OTC’s Russell Brown had no problem going right to the front and making the race honest as he and Rob Novak brought the runners through 800 in just over two minutes. Matt Centrowitz hung tough up front before eventually sliding towards the back of the pack, but the young Duck was able muster a great finishing kick to grab the second automatic qualifying spot. The young collegian was no match for the always race savvy Leo Manzano however as the veteran crept up slowly towards the front by the bell. By the backstretch, Manzano had taken the lead and begun to open up his stride, bringing Jack Bolas for a ride that would eventually lead the Badger to a third place finish.
Midwest native Jeff See brought out the early pace of the second heat as several favorites including Lopez Lomong at first seemed happy to race from the back. It didn’t take long for the 08 Olympian to bring himself to the front as he made a strong push from 900m out. In the end, the pace wasn’t quite as hot as the first heat as Lomong and Will Leer were the only two to advance to the final. The pair pulled away effortlessly on the final straight to secure their spots. Always a class act, Lomong spoke of the young runners who didn’t qualify as a necessary part of this country’s development as they remind more seasoned runners that, “anybody can come up and steal it from you.”
Of those who finished the third heat, only two did not advance to the final. Last year’s rookie sensation Evan Jager got out well behind training partner Matt Tegenkamp before having to pull off of the track due to a lingering foot issue. After a near tangle on the turn, Tegenkamp asserted his dominance over the last 300 as he and David Torrence passed a tiring Stephen Pifer. Pifer, who led the first three laps of the race, was happy with his finish and cited his earlier 1500s this season as his source of confidence while running out front. “If I just go out and run, I’ll make the final,” said Pifer who will be joined in Sunday’s final by Ryan Hill and John Mickowski.
Women’s 800m Run
There were few surprises in heat 1 of the women’s semi finals as favorites Alysia Johnson, Maggie Vessey and Morgan Uceny all advanced automatically to the final. Vessey who has struggled to match the brilliance of her breakout 2009 season again seemed to hold back on the final straight as she and Uceny watched Johnson finish first. A bit back from the lead, Johnson’s teammate Treniere Moser grabbed a spot in the final as well.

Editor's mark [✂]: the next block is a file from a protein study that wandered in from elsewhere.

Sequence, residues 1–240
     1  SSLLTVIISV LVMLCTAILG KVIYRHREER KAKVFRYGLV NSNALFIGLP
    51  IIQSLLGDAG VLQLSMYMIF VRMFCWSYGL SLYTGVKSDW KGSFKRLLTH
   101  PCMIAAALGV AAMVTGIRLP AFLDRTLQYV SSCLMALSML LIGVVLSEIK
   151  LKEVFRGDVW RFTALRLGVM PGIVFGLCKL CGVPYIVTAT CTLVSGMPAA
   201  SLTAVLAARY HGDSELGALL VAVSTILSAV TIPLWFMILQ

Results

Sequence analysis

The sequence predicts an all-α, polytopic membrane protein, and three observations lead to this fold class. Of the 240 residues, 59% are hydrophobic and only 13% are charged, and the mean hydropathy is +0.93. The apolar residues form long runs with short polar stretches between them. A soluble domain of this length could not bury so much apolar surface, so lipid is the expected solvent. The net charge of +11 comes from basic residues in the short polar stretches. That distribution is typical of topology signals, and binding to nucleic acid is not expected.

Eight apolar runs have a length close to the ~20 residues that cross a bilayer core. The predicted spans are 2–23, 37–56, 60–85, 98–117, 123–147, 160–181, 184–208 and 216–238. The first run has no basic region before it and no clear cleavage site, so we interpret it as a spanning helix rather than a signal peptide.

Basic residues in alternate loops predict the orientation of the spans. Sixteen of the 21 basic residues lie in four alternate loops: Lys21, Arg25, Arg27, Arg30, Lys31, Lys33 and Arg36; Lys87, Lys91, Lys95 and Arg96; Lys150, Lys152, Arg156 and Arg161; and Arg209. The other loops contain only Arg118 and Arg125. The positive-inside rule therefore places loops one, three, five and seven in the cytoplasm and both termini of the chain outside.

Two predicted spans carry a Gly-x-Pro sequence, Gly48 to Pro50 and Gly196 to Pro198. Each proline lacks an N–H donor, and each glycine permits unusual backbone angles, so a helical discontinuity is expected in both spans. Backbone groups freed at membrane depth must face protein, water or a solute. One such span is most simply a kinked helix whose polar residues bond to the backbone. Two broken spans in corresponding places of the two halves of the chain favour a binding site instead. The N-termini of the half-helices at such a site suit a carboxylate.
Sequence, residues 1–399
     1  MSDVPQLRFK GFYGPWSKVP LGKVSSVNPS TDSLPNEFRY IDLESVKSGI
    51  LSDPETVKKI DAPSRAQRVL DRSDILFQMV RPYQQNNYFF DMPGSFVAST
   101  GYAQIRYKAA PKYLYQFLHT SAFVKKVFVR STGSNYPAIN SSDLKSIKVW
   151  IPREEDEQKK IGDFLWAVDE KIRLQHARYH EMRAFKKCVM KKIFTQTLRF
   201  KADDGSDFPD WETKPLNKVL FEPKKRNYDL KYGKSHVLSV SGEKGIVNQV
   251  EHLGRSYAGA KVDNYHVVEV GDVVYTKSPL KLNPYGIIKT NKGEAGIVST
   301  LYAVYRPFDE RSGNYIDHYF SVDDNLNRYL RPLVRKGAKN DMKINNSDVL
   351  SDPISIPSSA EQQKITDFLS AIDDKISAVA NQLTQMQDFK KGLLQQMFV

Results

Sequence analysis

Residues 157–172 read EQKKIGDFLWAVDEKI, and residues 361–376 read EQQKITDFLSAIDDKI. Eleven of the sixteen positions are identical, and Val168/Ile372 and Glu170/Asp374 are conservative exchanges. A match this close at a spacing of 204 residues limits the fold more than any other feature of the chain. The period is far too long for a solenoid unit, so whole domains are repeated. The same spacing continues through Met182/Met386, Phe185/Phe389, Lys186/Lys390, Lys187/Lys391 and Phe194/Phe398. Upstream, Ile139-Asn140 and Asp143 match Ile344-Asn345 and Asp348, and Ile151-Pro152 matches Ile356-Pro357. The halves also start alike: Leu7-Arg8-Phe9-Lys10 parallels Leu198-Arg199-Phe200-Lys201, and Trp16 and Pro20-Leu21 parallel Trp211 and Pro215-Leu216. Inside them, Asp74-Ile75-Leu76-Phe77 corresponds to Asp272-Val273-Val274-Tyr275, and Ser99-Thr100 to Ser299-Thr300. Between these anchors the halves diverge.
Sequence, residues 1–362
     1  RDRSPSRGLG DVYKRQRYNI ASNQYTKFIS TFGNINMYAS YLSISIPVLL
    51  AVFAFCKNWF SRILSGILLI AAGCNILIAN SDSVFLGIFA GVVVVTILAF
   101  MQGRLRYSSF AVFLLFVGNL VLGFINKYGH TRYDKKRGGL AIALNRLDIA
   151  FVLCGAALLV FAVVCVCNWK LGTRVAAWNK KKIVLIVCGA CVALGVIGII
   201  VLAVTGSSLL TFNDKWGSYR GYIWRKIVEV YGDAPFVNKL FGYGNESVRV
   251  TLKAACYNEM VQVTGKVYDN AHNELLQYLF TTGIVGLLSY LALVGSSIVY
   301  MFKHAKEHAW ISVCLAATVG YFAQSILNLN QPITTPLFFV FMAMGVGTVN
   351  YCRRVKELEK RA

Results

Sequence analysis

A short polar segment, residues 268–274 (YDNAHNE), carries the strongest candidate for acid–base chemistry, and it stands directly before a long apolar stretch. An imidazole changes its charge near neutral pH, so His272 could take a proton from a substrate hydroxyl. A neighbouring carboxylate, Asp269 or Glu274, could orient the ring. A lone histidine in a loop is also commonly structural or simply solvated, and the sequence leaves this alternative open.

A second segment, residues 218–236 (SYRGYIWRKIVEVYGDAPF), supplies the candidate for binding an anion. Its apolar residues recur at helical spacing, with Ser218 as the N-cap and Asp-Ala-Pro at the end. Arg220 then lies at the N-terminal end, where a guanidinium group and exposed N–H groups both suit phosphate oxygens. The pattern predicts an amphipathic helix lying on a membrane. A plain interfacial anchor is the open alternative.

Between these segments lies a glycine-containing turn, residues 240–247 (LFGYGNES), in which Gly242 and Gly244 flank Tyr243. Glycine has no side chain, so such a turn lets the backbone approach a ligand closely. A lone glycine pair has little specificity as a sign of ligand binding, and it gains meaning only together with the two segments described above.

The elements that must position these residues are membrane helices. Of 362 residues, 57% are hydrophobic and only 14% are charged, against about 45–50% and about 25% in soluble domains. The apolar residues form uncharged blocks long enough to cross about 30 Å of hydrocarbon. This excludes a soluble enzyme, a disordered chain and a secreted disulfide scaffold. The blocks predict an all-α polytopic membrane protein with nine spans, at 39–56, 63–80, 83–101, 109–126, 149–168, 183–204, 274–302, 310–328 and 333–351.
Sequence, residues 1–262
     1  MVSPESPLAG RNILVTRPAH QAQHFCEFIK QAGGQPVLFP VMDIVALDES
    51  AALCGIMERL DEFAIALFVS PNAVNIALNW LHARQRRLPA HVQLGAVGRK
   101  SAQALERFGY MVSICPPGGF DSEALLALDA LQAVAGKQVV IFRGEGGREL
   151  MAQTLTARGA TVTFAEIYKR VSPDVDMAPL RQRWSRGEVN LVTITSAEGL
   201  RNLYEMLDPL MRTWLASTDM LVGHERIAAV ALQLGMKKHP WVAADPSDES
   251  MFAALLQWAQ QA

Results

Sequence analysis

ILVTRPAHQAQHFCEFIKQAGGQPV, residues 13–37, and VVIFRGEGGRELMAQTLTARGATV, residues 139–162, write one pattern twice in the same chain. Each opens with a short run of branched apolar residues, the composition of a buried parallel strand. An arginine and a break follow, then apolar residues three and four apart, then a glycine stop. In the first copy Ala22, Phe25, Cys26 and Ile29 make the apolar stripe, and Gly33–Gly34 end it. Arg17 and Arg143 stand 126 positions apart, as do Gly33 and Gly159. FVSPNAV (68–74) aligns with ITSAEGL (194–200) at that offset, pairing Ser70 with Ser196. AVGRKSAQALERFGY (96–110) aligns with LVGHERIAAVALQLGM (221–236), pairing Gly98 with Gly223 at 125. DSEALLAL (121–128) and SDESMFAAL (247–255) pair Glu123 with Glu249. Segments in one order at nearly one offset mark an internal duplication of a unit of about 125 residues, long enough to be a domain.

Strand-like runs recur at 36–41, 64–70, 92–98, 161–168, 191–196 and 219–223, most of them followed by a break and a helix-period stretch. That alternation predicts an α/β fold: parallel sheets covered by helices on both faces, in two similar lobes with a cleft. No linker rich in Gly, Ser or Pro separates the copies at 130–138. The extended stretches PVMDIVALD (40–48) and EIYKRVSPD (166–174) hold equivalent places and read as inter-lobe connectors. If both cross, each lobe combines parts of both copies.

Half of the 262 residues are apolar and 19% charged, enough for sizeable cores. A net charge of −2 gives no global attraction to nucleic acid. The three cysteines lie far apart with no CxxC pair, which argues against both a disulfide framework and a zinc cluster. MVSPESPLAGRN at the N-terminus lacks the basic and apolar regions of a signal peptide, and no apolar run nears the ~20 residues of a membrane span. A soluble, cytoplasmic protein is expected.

In the second heat, Tennessee standout Phoebe Wright entered into a memorable dual with a very experienced Hazel Clark. Clark moved into the lead coming off of the first turn, but her time at the front was short lived as Wright was not about to let anyone steal her race. Wright quickly took over up front and continued to power through despite several attempts by Clark to move back up on the young runner. “This race is no different than any other,” said Phoebe speaking of the pressures of racing professionals. “I just wanted to run the first 400 and race the last 400.” And race she did. Coming off of the last turn, Clark made one last valiant attempt to overtake the NCAA champion before eventually fading hard to sixth place. Clark wasn’t alone in her struggle as the OTC’s Geena Gall also came up just short of making the final behind Laura Januszewski (2nd), LSU’s Latavia Thomas (3rd), and Alice Schmidt. The women will have a day to rest after what was surely a grueling two days out on the hot Drake Stadium track.
Men’s 800m Run
The first heat of the men’s
semi finals saw an exhilarating run by North Carolina based Karjuan
Williams. Williams ran strong from the front for the first half
of the race before gapping the field on the backstretch. Williams executed
his plan of “finding a pace and sticking to it” as he continued
to run alone out front. After passing through the 600 in 1:18.2,
Williams’ gap began to wane as Jacob Hernandez and Ryan Brown closed
hard to secure their spots in the final. Elijah Greer, Cory Primm
and Lance Roller all ran a very hard fought effort, but in the end their
bravado was simply no match for the experienced trio of professionals
The field in the second heat knew it would no easy to feat to secure a spot in the final as the top two spots were practically guaranteed to Duane Solomon and Nick Symmonds. Solomon finished first in a blistering 1:45.23 while Symmonds opted to cruise in the final meters to finish second in 1:45.91. Iowa native Tyler Mulder finished fourth to grab the first non automatic spot while collegians Charles Jock of Cal Irvine and Richard Jones of LSU finished 3rd and 5th respectively to make the final.